In her article “Patriarchy and Play in The Taming of the Shrew,” Marianne L. Novy of the University of Pittsburgh points out the connection between the induction and the first scene of the play-within-a-play. According to Novy,
As the “real” lord entertains us by showing that Sly can take a completely different place in the social order, the play begins to raise the question of how much that social order is a human construction whose validity is more like that of the game than that of divine or natural law. In the first scene of the inner play, the easy role change between Lucentio and Tranio, a servant clever enough to hide his precise degree of initiative from his master, repeats that question.
Indeed, the play-within-a-play begins with at least two differences between displayed and actual identity. The exchange of clothing, and therefore of identities, by Lucentio and Tranio is precipitated by Lucentio’s experience of love at first sight as he observes Bianca, the younger sister of the shrewish Katherine. His infatuation with Bianca, however, arises out of a false first impression.
As he describes her after his first observation of her, “sacred and sweet was all I saw in her.” In the end, however, Bianca reveals herself as neither “sacred” nor “sweet.” While exchanging barbs with the other characters at the wedding banquet in the final scene, Bianca offers a series of jests with defiant overtones and bawdy undertones. In a reference to the common Elizabethan image of a horned cuckold, Bianca takes a jab at the other newly-married couples, Petruchio with her sister Kate and Hortensio, her former suitor, with the Widow:
Head, and butt! An hasty-witted body
Would say your head and butt were head and horn.
When Petruchio offers to bring her into the exchange of comical insults, Bianca responds with a double entendre, indicating her current intention to drop out of the conversation through reference to sexual imagery:
Am I your bird? I mean to shift my bush;
And then pursue me as you draw your bow.
At this, she exits the room along with the other women at the banquet.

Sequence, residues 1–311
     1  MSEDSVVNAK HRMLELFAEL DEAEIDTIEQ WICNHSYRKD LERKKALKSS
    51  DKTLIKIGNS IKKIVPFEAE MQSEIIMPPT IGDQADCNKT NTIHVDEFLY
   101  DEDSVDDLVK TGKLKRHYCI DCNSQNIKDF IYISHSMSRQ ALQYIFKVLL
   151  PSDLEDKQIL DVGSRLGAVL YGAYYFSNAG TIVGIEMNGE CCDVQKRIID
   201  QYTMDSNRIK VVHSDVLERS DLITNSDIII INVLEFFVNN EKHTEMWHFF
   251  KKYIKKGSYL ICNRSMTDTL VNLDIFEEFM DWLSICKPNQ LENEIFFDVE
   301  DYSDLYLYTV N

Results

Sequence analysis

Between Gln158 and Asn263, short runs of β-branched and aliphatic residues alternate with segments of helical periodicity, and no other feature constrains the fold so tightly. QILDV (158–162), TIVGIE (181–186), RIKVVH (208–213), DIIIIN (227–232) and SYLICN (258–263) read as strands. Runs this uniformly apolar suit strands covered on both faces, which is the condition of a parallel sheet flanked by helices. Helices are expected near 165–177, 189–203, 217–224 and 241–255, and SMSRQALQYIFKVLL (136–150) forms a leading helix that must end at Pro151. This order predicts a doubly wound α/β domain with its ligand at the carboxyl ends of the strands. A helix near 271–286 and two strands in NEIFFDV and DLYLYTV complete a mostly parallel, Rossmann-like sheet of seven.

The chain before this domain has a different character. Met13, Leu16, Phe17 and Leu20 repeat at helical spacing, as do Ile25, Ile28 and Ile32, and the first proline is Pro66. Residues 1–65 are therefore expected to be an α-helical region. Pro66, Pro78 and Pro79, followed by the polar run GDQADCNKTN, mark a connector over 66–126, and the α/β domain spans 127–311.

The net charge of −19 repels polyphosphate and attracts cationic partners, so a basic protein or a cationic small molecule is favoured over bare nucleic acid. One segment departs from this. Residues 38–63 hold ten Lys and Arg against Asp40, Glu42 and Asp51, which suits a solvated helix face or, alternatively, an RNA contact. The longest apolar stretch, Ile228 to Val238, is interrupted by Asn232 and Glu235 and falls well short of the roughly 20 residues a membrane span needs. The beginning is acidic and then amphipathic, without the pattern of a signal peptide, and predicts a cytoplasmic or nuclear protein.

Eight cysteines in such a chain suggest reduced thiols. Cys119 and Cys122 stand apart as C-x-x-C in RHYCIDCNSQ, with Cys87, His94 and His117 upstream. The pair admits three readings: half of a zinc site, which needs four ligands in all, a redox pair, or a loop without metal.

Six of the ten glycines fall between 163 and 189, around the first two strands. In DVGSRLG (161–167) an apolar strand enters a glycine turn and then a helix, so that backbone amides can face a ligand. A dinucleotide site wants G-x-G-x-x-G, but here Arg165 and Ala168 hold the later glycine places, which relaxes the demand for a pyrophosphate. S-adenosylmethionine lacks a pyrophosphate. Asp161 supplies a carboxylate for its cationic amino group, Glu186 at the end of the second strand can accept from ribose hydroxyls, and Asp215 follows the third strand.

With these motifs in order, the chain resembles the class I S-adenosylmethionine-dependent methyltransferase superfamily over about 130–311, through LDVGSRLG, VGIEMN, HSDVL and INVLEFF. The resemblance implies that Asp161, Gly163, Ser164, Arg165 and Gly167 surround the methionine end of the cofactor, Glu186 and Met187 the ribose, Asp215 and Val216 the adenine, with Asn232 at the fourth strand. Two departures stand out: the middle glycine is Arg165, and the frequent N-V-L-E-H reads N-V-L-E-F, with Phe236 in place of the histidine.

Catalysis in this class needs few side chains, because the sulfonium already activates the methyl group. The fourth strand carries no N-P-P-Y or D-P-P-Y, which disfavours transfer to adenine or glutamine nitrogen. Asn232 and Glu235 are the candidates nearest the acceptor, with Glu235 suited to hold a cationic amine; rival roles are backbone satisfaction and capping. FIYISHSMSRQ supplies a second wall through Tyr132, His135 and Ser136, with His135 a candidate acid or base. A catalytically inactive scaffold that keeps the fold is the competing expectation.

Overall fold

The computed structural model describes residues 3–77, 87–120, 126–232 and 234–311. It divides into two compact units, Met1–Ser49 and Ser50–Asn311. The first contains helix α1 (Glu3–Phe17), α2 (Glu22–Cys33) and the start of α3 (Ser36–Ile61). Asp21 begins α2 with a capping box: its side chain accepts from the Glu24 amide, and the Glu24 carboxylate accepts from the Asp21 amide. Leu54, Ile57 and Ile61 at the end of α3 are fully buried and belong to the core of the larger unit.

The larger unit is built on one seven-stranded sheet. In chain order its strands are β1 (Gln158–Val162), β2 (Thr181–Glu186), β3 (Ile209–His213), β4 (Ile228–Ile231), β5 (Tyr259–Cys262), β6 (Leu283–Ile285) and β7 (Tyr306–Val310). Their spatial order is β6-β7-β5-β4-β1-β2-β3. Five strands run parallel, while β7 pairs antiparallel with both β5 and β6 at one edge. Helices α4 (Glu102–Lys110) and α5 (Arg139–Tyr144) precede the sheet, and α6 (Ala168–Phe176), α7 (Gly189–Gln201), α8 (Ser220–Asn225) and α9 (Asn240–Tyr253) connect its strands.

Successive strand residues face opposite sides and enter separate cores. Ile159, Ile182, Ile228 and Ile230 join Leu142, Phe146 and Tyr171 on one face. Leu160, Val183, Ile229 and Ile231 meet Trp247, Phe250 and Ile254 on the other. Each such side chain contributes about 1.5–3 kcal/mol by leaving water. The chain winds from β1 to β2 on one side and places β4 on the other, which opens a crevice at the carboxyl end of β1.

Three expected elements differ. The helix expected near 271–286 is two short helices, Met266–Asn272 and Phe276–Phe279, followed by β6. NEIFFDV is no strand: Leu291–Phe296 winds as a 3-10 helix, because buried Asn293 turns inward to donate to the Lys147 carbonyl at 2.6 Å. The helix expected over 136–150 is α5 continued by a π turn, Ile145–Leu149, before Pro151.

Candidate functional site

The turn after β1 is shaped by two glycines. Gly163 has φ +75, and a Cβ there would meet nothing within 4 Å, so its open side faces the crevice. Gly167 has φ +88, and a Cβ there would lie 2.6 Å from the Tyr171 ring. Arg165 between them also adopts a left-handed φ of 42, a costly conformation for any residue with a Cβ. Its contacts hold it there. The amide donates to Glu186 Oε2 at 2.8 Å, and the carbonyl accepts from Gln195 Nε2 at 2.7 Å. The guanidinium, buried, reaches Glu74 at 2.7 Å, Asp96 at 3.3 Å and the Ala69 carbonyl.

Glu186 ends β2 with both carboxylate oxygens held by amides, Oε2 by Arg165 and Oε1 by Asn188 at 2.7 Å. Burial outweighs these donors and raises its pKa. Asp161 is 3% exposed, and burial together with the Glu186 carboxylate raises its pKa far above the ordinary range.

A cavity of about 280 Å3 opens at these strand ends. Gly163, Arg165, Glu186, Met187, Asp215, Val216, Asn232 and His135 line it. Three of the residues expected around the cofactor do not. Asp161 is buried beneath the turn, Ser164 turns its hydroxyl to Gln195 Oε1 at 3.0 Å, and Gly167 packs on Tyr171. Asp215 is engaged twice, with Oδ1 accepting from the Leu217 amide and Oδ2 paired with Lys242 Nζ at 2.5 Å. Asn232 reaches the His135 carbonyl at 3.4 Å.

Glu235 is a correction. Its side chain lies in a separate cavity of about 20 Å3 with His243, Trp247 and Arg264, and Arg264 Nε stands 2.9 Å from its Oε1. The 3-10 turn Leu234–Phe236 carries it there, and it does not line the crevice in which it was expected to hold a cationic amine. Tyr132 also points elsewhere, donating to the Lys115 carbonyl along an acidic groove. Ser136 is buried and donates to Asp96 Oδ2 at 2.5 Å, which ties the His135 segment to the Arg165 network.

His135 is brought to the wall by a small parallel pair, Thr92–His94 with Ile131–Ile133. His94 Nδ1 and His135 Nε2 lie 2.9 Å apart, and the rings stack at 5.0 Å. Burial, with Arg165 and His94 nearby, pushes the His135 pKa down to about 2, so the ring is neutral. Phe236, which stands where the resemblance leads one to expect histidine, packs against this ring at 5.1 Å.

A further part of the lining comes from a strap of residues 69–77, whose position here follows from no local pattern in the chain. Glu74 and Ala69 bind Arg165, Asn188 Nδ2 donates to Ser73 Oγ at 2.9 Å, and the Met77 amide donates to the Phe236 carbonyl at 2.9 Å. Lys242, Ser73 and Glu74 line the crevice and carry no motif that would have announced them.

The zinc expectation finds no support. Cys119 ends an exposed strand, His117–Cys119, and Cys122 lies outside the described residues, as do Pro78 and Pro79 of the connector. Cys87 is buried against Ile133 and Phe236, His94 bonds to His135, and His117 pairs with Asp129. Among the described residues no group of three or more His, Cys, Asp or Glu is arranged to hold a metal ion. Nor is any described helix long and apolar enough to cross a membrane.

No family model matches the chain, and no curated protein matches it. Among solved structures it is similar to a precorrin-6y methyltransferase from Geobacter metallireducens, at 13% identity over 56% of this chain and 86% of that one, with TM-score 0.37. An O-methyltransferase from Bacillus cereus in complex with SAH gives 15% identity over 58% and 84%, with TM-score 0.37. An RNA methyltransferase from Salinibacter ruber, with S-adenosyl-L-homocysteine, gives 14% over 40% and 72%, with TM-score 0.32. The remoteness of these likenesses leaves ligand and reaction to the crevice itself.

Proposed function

Bianca completes the revelation of her true, and certainly less than “sacred and sweet,” identity in her refusal of obedience to her new husband. When called upon by Lucentio to depart from her female friends and join him at the banquet, she sends the message through the servant Biondello “that she is busy and she cannot come.” Having been forced to rejoin her husband by the newly-tamed Katherine, Bianca offers mockery to the very notion that she has a “duty” to obey her husband:
Fie, what a foolish duty call you this?
I would your duty were as foolish [as Katherine’s], too.
The wisdom of your duty, fair Bianca,
Hath cost me a hundred crowns since suppertime.
The more fool you, for laying on my duty.
In this public chiding of her husband for having relied upon her to fulfill her duties as his wife, Bianca reveals herself as neither “sacred” nor “sweet,” contrary to Lucentio’s initial impression of her.
Lucentio’s mistaken first impression of Bianca leads to the exchange of identities between Lucentio and Tranio. Like the metamorphosis of Christopher Sly, this change of identities involves a change in apparent social class through a change of clothing. Tranio, slyly masking his desire for upward mobility in advice for his master, proposes an exchange of identities that will allow Lucentio, pretending to be a schoolmaster, to be close to Bianca and will allow Tranio to live the life proper to the son of the wealthy merchant Vincentio. In the form of a series of questions designed to bait his master into agreeing to the exchange of identities as if it were his own idea, Tranio makes the offer to Lucentio to